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Title page for ETD etd-05152019-100307


Type of Document Dissertation
Author Harrington, Rachel Christine
Author's Email Address rachelquinn827@gmail.com
URN etd-05152019-100307
Title Models for Characterizing Single-Event Effects in Advanced Technology Circuits
Degree PhD
Department Electrical Engineering
Advisory Committee
Advisor Name Title
Lloyd Massengill Committee Chair
Bharat Bhuva Committee Member
Jeffrey Kauppila Committee Member
Marcelo Disconzi Committee Member
Michael Alles Committee Member
Keywords
  • modeling
  • single-event transient
  • single-event upset
  • single-event effects
Date of Defense 2019-04-15
Availability unrestricted
Abstract
At each emerging technology node, characterization of single-event transients and upsets is crucial to accurately predict soft error rates for circuits operating in radiation environments. While experimental single-event characterization is crucial for gaining knowledge about the radiation response for circuits, designing, fabricating, and testing circuits is expensive and time consuming and ultimately captures only a subset of the information needed to gain a comprehensive knowledge of single-event effects for a technology node.

Therefore, models are often developed to predict single-event behavior of circuits in the absence of data and to explore parametric sensitivity. As circuits scale to lower voltages and faster logic gate switching times, experimental characterization methods and existing single-event models are challenged. In this work, five models are given for characterizing single-event upsets and transients given that circuits operate at lower biases and faster speeds than in previous technologies.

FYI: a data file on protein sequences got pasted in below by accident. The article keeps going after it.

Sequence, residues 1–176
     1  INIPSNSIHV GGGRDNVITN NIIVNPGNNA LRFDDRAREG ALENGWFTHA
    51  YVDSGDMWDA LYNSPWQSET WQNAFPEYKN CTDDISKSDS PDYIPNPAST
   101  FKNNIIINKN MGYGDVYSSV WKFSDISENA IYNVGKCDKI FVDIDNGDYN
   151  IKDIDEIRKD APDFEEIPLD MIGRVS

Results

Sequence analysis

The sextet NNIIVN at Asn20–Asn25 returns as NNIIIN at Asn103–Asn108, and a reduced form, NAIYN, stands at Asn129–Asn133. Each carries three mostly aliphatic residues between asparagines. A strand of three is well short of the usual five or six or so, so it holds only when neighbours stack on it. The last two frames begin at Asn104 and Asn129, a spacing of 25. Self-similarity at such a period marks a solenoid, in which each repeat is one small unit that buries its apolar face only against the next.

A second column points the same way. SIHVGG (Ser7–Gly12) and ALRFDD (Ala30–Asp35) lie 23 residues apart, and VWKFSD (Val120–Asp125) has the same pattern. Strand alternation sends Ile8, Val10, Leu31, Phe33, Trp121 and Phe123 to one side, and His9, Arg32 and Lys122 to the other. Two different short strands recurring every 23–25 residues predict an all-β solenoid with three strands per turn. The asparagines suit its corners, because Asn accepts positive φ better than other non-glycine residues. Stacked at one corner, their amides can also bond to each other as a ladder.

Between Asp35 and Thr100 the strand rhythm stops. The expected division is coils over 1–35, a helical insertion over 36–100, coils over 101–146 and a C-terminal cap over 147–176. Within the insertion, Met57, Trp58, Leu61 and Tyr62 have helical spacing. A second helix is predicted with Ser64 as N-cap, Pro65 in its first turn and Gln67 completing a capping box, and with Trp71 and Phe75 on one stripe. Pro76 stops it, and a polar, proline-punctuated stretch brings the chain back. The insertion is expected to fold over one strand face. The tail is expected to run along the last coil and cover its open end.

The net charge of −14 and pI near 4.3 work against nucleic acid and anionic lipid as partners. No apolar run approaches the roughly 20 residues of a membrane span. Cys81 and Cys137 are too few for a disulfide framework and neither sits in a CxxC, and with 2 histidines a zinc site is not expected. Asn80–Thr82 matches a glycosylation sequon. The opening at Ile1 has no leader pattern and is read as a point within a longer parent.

Three of the models developed can be used to characterize single-event upsets. First, a state space model developed to analytically characterize single-event upsets in memory elements is presented. The model takes into consideration the single-event waveform shape in order to predict whether or not an upset will occur in static random access memory (SRAM). Second, a model for estimating logic SEU cross-section given experimental SET data is derived for circuits where transient widths are on the order of logic gate switching times. Third, data from irradiation of a 14/16nm flip-flop are used to develop an empirical model for predicting SEU cross-section for variation in circuit bias that incorporates an analysis of transistor sensitive area.

The other two developed models can be used to characterize single-event transients. The issue of increased circuit switching speed is addressed through a model that extracts fast single-event transients from single-event upset data. Analyses of the impact of these fast transients on single-event upset cross-sections is also presented.

Finally, an evaluation of the effect of bias variation on SETs in FinFET transistors allows circuit designers to gain insight into SET distributions from transistor drive currents.

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